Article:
With the world population projected to reach seven billion in five days, the United Nations Population Fund (UNFPA) said in a new report on Wednesday that the milestone is a global call to action towards a future to a path to development that is environmentally sustainable and one where opportunities exist for both men and women.
“With these diverse challenges and trends in mind, we must ask ourselves which actions we can take today that will chart a path toward environmentally sustainable development in the future,” Richard Kollodge, author of “The State of the World Population 2011” report, at a press conference at UN Headquarters in New York.
The report, also being launched in more than 100 other cities worldwide, looks at population trends ranging from aging to rapidly rising numbers of young people, high population growth rates to shrinking populations, among many.
There are 1.8 billion young people around the world — the largest youth cohort in history and nearly 900 million people are above the age of 60 with the number expected to grow, Kollodge said.
“First we need to educate and empower girls and women to fully participate in society and to be able to make informed reproductive decisions, and whatever we do, men and boys must be part of the solution,” Kollodge said. “A future that is sustainable is one that will be built on equal rights and opportunities.”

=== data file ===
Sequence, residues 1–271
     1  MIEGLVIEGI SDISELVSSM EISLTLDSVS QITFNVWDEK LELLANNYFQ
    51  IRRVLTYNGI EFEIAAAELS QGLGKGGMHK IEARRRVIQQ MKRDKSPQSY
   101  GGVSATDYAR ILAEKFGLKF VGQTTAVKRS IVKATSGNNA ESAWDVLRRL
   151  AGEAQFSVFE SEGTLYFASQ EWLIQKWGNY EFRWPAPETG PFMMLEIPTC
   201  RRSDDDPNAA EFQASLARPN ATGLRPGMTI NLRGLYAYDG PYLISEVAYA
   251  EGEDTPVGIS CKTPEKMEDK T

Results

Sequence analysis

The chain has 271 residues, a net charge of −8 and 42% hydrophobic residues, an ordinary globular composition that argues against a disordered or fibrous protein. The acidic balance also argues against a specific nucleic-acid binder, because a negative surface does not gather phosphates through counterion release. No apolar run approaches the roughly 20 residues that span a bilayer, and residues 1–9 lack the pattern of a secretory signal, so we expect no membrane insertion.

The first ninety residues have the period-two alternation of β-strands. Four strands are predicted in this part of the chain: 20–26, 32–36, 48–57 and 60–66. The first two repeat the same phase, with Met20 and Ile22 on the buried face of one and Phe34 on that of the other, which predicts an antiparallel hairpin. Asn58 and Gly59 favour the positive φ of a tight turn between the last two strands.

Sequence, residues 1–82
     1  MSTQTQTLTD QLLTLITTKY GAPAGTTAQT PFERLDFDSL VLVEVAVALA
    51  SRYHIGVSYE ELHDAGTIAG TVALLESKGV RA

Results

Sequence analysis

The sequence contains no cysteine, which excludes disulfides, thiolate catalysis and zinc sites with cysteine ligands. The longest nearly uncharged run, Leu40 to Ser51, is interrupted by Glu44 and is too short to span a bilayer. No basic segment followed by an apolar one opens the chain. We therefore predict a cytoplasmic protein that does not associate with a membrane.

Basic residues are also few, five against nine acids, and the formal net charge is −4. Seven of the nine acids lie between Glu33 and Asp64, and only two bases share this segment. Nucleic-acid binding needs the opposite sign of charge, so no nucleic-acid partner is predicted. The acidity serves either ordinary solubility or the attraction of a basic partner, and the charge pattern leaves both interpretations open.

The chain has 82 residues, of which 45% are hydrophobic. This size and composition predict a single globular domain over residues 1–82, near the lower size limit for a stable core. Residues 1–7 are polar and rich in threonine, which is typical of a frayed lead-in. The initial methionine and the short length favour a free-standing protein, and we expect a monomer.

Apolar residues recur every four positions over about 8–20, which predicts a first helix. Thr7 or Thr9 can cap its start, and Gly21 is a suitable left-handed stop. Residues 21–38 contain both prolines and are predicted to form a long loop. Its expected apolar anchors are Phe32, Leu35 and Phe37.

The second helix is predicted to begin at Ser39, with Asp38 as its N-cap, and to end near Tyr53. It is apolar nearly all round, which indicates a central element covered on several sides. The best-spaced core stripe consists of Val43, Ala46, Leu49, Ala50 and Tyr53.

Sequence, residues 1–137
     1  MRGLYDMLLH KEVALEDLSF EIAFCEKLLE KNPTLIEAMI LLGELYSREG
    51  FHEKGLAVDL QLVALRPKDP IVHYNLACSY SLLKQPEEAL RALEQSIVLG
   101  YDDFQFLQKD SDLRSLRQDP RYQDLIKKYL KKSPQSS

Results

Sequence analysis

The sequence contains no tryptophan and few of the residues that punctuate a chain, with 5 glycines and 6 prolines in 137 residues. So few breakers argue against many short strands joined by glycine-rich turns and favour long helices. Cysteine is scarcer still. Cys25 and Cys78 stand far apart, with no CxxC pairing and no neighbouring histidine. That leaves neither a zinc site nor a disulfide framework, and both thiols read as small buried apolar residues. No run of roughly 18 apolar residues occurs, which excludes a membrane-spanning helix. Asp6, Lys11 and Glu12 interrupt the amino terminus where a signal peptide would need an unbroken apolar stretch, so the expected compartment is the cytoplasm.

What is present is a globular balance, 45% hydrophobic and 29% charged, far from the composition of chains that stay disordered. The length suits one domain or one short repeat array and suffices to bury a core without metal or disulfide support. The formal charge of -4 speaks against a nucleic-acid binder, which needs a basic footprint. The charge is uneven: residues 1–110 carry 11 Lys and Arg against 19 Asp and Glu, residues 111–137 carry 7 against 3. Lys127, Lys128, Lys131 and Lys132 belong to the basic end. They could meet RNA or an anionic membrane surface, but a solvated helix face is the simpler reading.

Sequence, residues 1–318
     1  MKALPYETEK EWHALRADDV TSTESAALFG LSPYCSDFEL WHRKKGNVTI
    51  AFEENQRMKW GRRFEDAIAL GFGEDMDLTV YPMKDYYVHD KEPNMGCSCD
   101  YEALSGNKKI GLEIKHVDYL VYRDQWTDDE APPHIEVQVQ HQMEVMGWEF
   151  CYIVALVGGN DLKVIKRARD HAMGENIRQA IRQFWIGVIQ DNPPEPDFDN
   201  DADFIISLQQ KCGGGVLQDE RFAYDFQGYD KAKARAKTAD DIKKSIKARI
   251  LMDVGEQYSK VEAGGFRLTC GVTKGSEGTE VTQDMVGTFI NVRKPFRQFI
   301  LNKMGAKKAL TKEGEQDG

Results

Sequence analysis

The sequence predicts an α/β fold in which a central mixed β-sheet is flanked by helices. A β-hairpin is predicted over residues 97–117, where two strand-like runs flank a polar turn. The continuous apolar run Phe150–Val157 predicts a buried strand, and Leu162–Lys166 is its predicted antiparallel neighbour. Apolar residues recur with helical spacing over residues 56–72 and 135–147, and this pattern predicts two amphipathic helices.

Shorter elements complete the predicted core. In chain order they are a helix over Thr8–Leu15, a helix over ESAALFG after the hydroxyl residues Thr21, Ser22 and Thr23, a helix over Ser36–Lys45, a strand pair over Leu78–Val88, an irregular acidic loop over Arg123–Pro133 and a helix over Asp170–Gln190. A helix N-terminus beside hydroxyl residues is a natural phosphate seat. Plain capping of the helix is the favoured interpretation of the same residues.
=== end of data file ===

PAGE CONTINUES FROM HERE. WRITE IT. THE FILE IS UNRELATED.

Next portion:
Kollodge also said investment in health and education of youth of the world, which will yield “enormous returns and economic growth and development for generations to come.”
“But much more is needed,” he warned. “Consider that, there are still 215 million women of child bearing age in developing countries who would use family planning if only they had access to it.”
The report said charting a path now to development that promotes quality, rather than exacerbates or reinforces inequality is more critical than ever.
“With planning and the right investments in people now –to empower them to make choices that are not only good for themselves, but also for our global commons– our world of 7 billion can have thriving sustainable cities, productive labor forces that fuel economies, and youth populations that contribute to the well-being of their societies,” said UNFPA Executive Director Babatunde Osotimehin in the forward of the report.